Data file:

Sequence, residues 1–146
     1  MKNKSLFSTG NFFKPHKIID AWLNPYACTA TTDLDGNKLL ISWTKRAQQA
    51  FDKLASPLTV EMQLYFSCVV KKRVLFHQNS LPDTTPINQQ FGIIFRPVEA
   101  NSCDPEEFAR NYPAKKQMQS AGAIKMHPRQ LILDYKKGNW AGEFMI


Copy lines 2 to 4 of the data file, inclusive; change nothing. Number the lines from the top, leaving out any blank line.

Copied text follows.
     1  MKNKSLFSTG NFFKPHKIID AWLNPYACTA TTDLDGNKLL ISWTKRAQQA
    51  FDKLASPLTV EMQLYFSCVV KKRVLFHQNS LPDTTPINQQ FGIIFRPVEA
   101  NSCDPEEFAR NYPAKKQMQS AGAIKMHPRQ LILDYKKGNW AGEFMI